Baby-Led Weaning with Real Food

As an advocate for real, healthy, local foods, I was dreading introducing solids to my son.  I just couldn’t imagine having his first food be processed cereal.  I’d also seen jarred baby food and was completely grossed out by it.  Nobody could tell me that those were the best choice for my son’s health; my instincts said we needed to take a different route.  After discussing the topic of introducing solids with some twitter friends, I got recommendations for two books that I love and recommend to all parents:

What I learned was basic- to allow Joshua to choose what he would eat and what he didn’t want to eat; to allow him to feed himself; to offer him plenty of healthy foods to choose from; to put away the food mill and spoon; most importantly, to relax!

Instead of giving bland cereal as a first food, I looked to the season.  Joshua turned six months in September: apple season.  It has always felt appropriate to me that Joshua was a spring baby, and it seemed fitting that Joshua’s first food was applesauce.  Homemade, chunky applesauce made from apples grown on the farm where I grew up, that I picked as I walked through the orchard with my mother and carried Joshua on my back.  While processed cereal didn’t feel right, applesauce sure did.  I spooned a small bit of applesauce into a bowl for Joshua and allowed him to squish it between his fingers to his heart’s content.  He wiped it in his hair and it got on his bib and on the floor.  Not much made it into his mouth, but that didn’t matter.  Breast milk supplies all of the nutrition he needs, and solids at six months are about learning: taste, texture, aroma and hand-eye coordination.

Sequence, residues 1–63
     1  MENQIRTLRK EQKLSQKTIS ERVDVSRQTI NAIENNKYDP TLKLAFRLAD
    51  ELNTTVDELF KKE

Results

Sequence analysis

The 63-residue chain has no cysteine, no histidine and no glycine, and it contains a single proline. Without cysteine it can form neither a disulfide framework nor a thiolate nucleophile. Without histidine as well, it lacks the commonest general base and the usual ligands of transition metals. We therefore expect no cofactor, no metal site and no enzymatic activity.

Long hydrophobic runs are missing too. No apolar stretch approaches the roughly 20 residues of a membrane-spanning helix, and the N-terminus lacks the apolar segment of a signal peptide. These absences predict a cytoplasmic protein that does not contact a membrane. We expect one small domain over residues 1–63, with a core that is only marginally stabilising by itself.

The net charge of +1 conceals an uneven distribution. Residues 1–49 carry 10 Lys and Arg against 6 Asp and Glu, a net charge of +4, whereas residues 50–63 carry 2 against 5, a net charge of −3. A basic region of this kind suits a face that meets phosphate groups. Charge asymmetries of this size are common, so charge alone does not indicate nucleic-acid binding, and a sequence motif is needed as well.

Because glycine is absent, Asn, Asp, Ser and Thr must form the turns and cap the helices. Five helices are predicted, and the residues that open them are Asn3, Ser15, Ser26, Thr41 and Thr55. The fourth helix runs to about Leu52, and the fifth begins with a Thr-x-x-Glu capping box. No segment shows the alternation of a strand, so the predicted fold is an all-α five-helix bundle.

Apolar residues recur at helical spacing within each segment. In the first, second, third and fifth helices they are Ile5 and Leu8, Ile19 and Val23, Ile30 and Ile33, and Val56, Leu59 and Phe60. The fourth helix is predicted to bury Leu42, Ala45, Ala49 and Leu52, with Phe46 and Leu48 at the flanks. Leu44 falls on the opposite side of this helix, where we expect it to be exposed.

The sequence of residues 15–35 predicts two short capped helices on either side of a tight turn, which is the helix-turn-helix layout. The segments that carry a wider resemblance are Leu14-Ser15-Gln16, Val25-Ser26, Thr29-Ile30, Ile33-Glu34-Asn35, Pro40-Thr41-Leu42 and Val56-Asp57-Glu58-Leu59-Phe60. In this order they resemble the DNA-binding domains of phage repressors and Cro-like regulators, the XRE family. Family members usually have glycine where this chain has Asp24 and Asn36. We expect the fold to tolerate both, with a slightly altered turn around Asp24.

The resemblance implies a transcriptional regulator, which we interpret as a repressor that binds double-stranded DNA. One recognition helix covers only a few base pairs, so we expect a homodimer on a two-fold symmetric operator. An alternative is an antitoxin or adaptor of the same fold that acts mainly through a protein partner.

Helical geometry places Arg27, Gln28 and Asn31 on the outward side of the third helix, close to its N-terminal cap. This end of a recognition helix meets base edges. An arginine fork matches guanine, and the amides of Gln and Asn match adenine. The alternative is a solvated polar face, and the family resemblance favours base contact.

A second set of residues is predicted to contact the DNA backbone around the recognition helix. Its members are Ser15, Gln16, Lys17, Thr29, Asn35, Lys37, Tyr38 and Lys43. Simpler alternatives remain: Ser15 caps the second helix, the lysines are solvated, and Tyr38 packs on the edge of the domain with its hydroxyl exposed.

Cold apple slices quickly became a favorite for my teething baby.

Now nine months old, Joshua has sampled all of the following (in no particular order):

  • Fruits: apples, applesauce, banana, avocado, blueberries, raspberries, cranberry-applesauce, dried papaya
  • Veggies: butternut squash, potatoes, broccoli, sweet potatoes, carrots, snap peas, green beans, corn, green squash, cucumber, vegetable broth, salsa, tomato sauce, (sometimes veggies were topped with olive oil or butter)
  • Meats: beef (steak, ground beef), pork (pork chop/roast, sausage), turkey (roasted and ground), chicken, salmon, haddock, scrambeled eggs
  • Dairy: cream-top yogurt (banana, blueberry and peach flavored), sour cream, cheddar cheese, monterey jack cheese, American cheese, cream cheese, butter
  • Bread/grains: toast, pizza crust, whole wheat tortilla, bagel, pasta with and without tomato sauce, Italian bread, pancakes, stuffing, organic puffs and teether biscuits

And most certainly other foods that I’ve forgotten to mention.  At his nine-month check-up, his doctor was impressed that we don’t buy baby food and told me to continue to introduce foods using the baby-led approach.  The doctor said most advice about solids including which foods to offer in which order are based on old wive’s tales and not on sound science, and that holding off on introducing foods such as meats can deprive babies of essential nutrients (like iron, which is more easily absorbed from breastmilk and meats than from fortified cereals).  The only foods he said to wait on are peanuts and peanut butter, honey and cow’s milk.  (For safety information on introducing solids, see the books listed above.)

Joshua loves to feed himself and while this approach is messy, it has been a perfect fit for our family.